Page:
What is the Healthiest Diet for the Human Animal? Further Reading-Book Review

Book Review:
'The Primal Feast: Food, Sex, Foraging, and Love'
by Susan Allport

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'The Primal Feast: Food, Sex, Foraging, and Love' Allport, Susan.
Harmony Books, New York 2000. ISBN: 0-609-60149-0
Hardcover. Published March 2000, publication price $US23.
Body of the work 245 pages, bibliography 9 pages, index 5 pages.
This thoughtful and reflective book is written in anecdotal style, but draws extensively on the primary literature on hunter gather behaviour, behavioural ecology and psychology - and more, of course.
It starts, more or less, with discussing the imperative of all organisms - eat. More than this, forage efficiently, don't waste energy in finding and meeting basic metabolic needs to grow and reproduce. Knowing this central imperative, Susan Allport applies it to the crucial period of the last common ancestor, just before apes and humans diverged. Drawing on the studies of African chimpanzee populations in Africa, she teases out a plausible evolutionary explaination of the different sexual and pairing motives of men and women, the part food may have played in this 'dance', and the uneasy alliance we maintain as a result.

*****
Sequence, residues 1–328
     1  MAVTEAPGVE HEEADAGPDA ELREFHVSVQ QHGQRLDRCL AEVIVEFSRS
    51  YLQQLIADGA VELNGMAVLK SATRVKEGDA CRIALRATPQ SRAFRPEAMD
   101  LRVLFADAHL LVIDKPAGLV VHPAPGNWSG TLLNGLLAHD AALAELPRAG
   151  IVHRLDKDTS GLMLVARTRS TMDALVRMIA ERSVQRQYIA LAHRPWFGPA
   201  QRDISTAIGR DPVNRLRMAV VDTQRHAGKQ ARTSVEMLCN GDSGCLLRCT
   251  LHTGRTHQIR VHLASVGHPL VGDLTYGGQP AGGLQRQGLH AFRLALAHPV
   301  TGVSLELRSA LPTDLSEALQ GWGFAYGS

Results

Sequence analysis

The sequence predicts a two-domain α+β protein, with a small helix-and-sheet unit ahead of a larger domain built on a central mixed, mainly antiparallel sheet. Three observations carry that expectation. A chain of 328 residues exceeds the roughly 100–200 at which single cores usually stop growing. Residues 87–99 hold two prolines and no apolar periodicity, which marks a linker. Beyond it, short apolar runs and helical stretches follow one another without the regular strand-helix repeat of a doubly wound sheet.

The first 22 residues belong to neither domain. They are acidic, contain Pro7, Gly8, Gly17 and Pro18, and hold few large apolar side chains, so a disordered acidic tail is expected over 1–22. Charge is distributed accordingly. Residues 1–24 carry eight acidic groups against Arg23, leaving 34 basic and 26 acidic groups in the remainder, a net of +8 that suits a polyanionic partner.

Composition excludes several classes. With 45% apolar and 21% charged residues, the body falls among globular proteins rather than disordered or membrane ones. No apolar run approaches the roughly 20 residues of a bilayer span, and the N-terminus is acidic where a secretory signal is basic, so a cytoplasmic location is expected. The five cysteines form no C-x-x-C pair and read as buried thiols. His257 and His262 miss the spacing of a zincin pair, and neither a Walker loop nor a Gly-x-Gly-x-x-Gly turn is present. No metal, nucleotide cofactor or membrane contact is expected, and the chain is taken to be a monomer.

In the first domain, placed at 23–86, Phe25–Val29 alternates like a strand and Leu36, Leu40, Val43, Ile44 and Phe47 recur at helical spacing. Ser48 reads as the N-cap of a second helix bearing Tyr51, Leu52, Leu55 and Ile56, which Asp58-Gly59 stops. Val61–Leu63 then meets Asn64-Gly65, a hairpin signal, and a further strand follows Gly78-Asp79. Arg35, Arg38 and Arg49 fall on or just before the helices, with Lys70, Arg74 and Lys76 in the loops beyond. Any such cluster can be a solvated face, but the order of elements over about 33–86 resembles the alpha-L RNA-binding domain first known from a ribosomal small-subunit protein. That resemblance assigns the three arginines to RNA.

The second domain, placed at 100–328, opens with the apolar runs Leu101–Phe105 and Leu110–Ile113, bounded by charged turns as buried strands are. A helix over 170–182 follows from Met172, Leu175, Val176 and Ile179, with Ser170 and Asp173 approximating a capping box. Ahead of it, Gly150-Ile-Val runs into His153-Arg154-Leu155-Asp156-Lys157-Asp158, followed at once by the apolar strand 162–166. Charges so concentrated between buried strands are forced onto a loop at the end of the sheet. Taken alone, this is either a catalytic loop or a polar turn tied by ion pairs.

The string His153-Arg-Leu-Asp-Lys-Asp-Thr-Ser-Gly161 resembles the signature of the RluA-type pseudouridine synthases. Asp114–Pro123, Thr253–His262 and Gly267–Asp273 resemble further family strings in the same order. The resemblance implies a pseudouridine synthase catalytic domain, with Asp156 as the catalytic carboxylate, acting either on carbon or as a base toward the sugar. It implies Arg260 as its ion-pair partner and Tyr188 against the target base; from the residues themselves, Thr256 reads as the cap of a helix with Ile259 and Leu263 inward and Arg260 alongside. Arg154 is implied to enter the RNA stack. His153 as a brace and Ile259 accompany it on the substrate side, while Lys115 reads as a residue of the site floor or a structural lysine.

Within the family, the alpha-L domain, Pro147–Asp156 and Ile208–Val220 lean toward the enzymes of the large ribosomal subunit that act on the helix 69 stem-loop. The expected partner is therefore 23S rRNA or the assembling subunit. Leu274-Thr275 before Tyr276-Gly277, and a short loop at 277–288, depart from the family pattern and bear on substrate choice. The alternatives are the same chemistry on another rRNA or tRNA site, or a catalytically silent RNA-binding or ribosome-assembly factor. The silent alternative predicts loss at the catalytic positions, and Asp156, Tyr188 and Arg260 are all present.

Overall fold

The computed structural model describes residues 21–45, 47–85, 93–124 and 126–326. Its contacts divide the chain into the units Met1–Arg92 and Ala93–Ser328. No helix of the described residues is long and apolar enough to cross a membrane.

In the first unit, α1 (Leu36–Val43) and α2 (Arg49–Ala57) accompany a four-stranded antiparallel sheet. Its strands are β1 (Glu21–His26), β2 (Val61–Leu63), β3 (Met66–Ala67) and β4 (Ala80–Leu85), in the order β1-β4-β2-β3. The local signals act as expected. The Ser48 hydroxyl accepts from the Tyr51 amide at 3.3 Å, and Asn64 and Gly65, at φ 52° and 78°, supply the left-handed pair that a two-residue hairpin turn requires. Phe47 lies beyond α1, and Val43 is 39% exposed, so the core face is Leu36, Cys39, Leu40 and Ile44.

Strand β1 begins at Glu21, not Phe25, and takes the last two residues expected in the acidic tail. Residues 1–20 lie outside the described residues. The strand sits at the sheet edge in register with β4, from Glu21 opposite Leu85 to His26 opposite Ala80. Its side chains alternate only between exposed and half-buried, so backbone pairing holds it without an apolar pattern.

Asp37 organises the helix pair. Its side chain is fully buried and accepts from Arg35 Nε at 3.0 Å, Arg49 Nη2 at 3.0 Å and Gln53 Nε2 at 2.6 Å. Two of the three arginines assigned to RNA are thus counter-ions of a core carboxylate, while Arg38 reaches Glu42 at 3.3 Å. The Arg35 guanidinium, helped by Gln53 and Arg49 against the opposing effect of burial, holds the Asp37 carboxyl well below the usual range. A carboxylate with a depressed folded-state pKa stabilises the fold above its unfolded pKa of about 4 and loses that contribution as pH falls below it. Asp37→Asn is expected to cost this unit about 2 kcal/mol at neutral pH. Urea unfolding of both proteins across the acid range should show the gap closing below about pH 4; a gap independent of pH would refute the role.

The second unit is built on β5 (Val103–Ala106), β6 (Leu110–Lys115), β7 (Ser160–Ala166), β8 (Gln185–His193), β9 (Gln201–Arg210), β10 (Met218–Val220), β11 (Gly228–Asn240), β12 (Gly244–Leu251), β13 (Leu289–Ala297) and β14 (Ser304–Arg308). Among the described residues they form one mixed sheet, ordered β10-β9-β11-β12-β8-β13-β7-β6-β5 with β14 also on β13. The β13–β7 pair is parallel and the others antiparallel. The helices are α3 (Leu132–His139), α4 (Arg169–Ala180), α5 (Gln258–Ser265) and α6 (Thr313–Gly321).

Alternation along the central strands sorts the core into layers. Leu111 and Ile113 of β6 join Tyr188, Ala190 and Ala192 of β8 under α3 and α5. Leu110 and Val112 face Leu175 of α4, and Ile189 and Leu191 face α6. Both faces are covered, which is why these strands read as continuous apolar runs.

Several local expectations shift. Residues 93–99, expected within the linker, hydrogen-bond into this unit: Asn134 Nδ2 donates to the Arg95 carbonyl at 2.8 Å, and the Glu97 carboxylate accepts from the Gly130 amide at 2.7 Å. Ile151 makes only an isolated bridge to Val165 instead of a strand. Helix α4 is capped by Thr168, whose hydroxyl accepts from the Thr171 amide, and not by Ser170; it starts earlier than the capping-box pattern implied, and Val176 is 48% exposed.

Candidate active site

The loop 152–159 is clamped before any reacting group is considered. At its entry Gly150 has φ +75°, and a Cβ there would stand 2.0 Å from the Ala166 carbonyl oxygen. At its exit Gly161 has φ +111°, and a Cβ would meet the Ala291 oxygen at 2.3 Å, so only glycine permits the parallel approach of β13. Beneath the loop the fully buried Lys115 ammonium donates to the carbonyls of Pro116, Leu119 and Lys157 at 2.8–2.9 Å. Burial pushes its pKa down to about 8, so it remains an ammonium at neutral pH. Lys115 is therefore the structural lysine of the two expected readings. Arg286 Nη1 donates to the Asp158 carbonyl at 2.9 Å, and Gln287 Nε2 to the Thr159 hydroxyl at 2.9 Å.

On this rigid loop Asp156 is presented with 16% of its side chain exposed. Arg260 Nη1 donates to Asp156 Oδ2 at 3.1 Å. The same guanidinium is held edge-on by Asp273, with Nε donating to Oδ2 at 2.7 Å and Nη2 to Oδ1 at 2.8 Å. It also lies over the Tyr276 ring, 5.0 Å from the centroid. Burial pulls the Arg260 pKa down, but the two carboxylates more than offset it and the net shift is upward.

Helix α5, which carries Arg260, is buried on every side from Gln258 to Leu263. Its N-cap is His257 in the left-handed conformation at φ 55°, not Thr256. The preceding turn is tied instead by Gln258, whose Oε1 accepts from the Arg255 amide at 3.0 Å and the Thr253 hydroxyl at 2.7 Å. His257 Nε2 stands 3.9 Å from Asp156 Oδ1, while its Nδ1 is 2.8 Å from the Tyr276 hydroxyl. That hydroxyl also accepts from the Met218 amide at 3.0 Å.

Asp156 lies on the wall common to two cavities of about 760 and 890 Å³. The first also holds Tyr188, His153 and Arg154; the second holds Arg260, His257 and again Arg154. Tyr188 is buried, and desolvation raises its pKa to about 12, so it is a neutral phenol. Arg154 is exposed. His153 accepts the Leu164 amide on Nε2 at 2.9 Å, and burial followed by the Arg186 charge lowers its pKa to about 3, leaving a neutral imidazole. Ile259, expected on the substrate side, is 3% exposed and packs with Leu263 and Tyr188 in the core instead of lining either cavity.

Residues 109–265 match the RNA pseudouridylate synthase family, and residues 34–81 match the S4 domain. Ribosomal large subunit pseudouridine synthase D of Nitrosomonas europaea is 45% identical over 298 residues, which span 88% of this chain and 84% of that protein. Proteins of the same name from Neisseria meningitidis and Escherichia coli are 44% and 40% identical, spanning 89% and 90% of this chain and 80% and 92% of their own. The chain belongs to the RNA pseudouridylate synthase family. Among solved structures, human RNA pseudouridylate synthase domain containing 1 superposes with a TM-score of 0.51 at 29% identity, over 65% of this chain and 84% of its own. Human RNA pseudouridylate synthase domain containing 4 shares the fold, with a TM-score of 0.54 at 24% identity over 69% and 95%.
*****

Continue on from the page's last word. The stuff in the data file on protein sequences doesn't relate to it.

The natural history of foraging, hunting, intertwined with mating and the tension between individual and group behaviour is followed from these primal ancestors, through todays remmnant hunter gatherers, through the beginnings of agriculture, and to todays techno-agricultural world.
Along the way, the myth of the hunter gatherer idyllic lifestyle is exploded, as well as the myth of monogamy as evolutionarily  'normal' except as a device for particular ecological circumstances.
The issue of which foods are 'natural' is woven throuhout the book. Importantly, the author de-pedastels any given wild harvested diet as 'ideal', but emphasises human dietary plasticity and the very patchy spread of resources in the natural world. This patchiness comes into conflict with the very success of human dietary plasticity, and provides interesting arguements for the origin of agriculture.
We are used to looking for a single explaination for phenomena. Susan Allport provides entertaining and defensible mosaics of behaviours and circumstances, nicely illustrated in story and anecdote, stiffened with reference to science results ( the only minor gripe is that there are no subscripts to link to a specific reference in the quite extensive bibliography), that taken together give a thought provoking and fascinating insight into appropriate diet, the relationship of the sexes to food, and what food now is.
Besides being a good read, the particular value of this work is its reach back to the formalisation of Australopithicine to explain not only what we eat, but the influence of foraging on mating and social structure, and how our present lives are still directed by these evolutionary relationships, even if overlain with the cultural conditioning of the group and climate we happen to be born into.
It is the only easily accessible book I know of that take an intertwined species-ecology and species behaviour view of human evolution, and then reflects it onto modern behaviours and attitudes -whether explicit or taken for granted.

© Copyright 2000 UHIS